In some ways, it is like any other strike. I drive past Fox Studios on the way to work and see the writers walking their oval, wearing V-neck sweaters over solid T-shirts, holding their signs, cell phones and Starbucks. There are hardship committees and stories of guys this close to going into production on their very first show who suddenly find their career on the sidewalk. There are millions of dollars in lost revenues for the production support industries, from the people who make snacks on the set to the people who make the set.
In other ways, a Hollywood writers strike is -- sorry -- strikingly different. The 12,000 member Writers Guild is perhaps one-third Jewish. We're not talking a line of longshoremen -- the early morning sun, does not exactly, as Marx once wrote of French socialist workers, "shine upon us from their work-hardened bodies."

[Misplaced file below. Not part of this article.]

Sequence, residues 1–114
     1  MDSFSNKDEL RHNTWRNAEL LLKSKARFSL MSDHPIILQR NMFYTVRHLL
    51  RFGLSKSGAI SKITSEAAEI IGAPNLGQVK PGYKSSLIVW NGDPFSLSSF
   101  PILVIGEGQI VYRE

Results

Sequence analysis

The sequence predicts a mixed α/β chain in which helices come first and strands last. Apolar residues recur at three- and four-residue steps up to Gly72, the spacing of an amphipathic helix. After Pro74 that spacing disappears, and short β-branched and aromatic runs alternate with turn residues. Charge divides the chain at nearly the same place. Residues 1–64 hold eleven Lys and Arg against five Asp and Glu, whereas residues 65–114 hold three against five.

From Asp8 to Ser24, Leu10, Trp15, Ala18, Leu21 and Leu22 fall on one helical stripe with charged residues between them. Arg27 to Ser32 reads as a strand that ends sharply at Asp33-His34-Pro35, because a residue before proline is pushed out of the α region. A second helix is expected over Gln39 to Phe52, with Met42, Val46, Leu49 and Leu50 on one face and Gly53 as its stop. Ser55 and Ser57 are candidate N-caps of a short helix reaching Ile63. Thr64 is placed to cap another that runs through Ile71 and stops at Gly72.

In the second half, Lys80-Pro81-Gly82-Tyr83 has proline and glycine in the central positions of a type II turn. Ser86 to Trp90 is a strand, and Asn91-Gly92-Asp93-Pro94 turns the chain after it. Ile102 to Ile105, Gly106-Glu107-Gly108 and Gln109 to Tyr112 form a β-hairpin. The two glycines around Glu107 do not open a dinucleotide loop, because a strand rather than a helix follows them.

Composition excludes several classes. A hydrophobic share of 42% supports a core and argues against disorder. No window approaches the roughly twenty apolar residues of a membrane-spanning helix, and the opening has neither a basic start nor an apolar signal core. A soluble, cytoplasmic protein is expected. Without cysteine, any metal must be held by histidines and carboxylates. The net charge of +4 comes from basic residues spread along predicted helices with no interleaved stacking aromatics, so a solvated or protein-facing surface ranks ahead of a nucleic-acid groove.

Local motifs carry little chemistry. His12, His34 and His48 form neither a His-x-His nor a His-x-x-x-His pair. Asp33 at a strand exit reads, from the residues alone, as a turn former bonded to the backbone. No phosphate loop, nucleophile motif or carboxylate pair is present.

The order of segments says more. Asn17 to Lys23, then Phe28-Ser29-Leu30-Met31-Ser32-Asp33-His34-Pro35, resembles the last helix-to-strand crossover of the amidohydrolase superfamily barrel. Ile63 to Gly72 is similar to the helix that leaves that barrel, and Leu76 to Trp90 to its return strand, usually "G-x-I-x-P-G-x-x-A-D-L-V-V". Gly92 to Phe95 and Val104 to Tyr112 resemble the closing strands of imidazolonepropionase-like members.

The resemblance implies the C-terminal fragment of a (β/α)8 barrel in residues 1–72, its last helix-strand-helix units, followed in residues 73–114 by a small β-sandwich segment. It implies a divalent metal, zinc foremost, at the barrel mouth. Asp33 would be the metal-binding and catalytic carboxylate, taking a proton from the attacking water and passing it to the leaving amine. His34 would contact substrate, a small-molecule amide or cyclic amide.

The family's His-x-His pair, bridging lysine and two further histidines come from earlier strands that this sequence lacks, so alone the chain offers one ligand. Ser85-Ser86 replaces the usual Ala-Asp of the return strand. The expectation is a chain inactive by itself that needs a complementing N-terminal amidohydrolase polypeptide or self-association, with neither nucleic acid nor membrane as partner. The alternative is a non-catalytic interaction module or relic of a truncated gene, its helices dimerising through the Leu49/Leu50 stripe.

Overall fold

E-mail notices about picketing locations include information on where to get parking validated. At stake for the consumer is not airline safety or garbage collection or medical care, but whether we can get our daily fix of "The Daily Show."
So the writers, if they can't rely on threats to public health or safety or outrage, have only two arrows in their quiver: the economic argument and the moral one.
As to the first, good luck. The Hollywood producers have a history of holding out and pleading poverty. During the Great Depression, the studios decided to peremptorily cut the salaries of actors and writers by 50 percent, Neal Gabler relates in "An Empire of Their Own: How the Jews Invented Hollywood." "Weary and moist-eyed," Louis B. Mayer explained the grave situation of his studio's financial health to his MGM "family." Most of them offered their whole-hearted support, stepping up to help poor Mr. Mayer out by accepting the cut. When it was over, Mayer, on the way back to his office, turned to his associate Ben Thau and asked, "How did I do?"